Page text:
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A story with a subtitle like The Demon Barber of Fleet Street hardly needs much explaining. With recent stage revivals, a concert production starring the likes of Emma Thompson, and Tim Burton’s 2007 film starring Johnny Depp, Stephen Sondheim’s Sweeney Todd continues to thrill audiences and critics alike. PlayMakers Repertory Company’s production of Sweeney Todd: The Demon Barber of Fleet Street, which concludes the company’s 2015-16 season, is a delight for the ears and eyes.
The story follows Benjamin Barker, who, upon returning to London after banishment, seeks revenge on the nefarious Judge Turpin. Turpin stole Barker’s virginal daughter Johanna, which, Barker later learns, caused his wife, Lucy, to poison herself. Barker, under the alias Sweeney Todd, and a local pie seller Mrs. Lovett conspire to use their “talents” to serve up revenge. With his prized shaving razors, Todd slices open the throats of “less honorable folk” and Mrs. Lovett bakes them into “Christian redemption” to right the wrongs and free Johanna.
Harold Wheeler’s intricately detailed book and Sondheim’s masterful score create psychologically complex characters that struggle with their most sinful desires. Sweeney, though an American musical, plays more like a dark British satire on class collision. This production, directed by Jen Wineman, departs far from the maddening state of its characters and never quite embraces the macabre humor and darkness the story presents.
The material is thick with layers of political and social commentary, themes of social injustice, Faustian vengeance, under-aged marriage, and, of course, murder. This production rushes by many of the themes because the actors move around the stage at such a consistently rapid pace that we miss what is being said and key plot points. It would help to be a bit familiar with the story before going in.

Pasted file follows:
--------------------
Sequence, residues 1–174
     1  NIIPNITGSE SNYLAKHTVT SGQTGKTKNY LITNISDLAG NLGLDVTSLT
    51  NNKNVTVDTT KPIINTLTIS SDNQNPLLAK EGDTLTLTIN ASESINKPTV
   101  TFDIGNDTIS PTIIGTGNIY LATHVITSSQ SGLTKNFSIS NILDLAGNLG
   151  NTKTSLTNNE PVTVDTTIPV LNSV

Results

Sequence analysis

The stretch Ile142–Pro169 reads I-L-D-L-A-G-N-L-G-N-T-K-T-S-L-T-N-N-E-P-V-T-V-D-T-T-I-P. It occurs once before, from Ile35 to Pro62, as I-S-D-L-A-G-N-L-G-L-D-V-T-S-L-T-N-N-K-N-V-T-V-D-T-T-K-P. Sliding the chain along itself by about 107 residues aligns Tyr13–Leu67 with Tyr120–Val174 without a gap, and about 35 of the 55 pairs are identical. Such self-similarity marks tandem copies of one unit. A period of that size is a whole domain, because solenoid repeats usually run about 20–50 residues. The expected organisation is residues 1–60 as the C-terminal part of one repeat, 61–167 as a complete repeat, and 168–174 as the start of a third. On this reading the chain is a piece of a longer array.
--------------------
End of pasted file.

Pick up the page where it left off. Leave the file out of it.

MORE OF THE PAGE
In PlayMaker’s production, the roles of Sweeney Todd, Johann, and the young sailor Anthony are all performed by minority actors. Despite the non-traditional casting, the production did not seem to incorporate any racial implications into the performance. This seemed like a missed opportunity to further explore the show’s theme of injustice.
There are moments of dark humor throughout the show, notably the finale of Act I when a plan of revenge is devised during a pun-riddled song about cannibalism. Brian Owen in a featured role as rival barber Adolfo Pirelli and Julie Fishell as the crazed Beggar Woman also provided comedic highlights.
The achievements of Mark Hartman’s music direction (both with the orchestra and the cast) and Tito Hernandez’s choreography capture the musical’s grim tone with its ensemble’s committed characterizations. They keep the show in perpetual motion, though some staging choices distract the audience’s attention from one corner of the Paul Green Theater to the other.
As the brooding Todd, David St. Louis brought a suave, tormented spirit to the role with a lush baritone voice to boot. As Mrs. Lovett, Annie Golden struggled with some lyrics on opening night. In her defense, Sondheim is known to rarely give the same lyric twice. Despite this, her Mrs. Lovett was full of passion and fervor. Her portrayal, however, paid little attention to the character’s light-heartedness that masks her deeper desires, a source for many comedic opportunities in the show. It is clear from her work elsewhere (Broadway’s Violet and Assassins and Netflix’s Orange Is the New Black) that Golden has high comedic ability. I look forward to seeing her discoveries as her character further develops in the next two weeks of performances.
Jade Arnold’s Anthony was youthfully convincing and high school senior Mya Ison’s Johanna floored the audience with her mature voice and acting abilities. PlayMakers favorites Ray Dooley, Jeff Cornell, and Julie Fishell delivered their characters with expert attention to detail. As the vocally challenging Beadle, Blake Segal was menacingly taut and precise.
A standout of the evening was Max Bitar as the innocent Tobias Ragg, who is recruited by Mrs. Lovett to assist in running the pie shop once business begins to boom. Bitar’s performance is worthy of a separate review; he brought new dimensions to a character who could easily fall into the background against the strengths of actors like Golden and St. Louis. When Bitar performed, he gleamed as brightly as the smiles on the audience’s faces that were watching him.
Despite the sanitized feel of the production, this Sweeney is worth seeing for its memorable performances, high quality production values (Jan Chambers’ funhouse set is gloriously epic as are Bill Brewer’s period costumes), and strong vocal talent. Once the production finds its footing in Act II, the play goes off into a nightmarish world that will leave you captivated until the heart-stopping climax.
Sweeney Todd continues through Saturday, April 23. For more details on this production, please view the sidebar.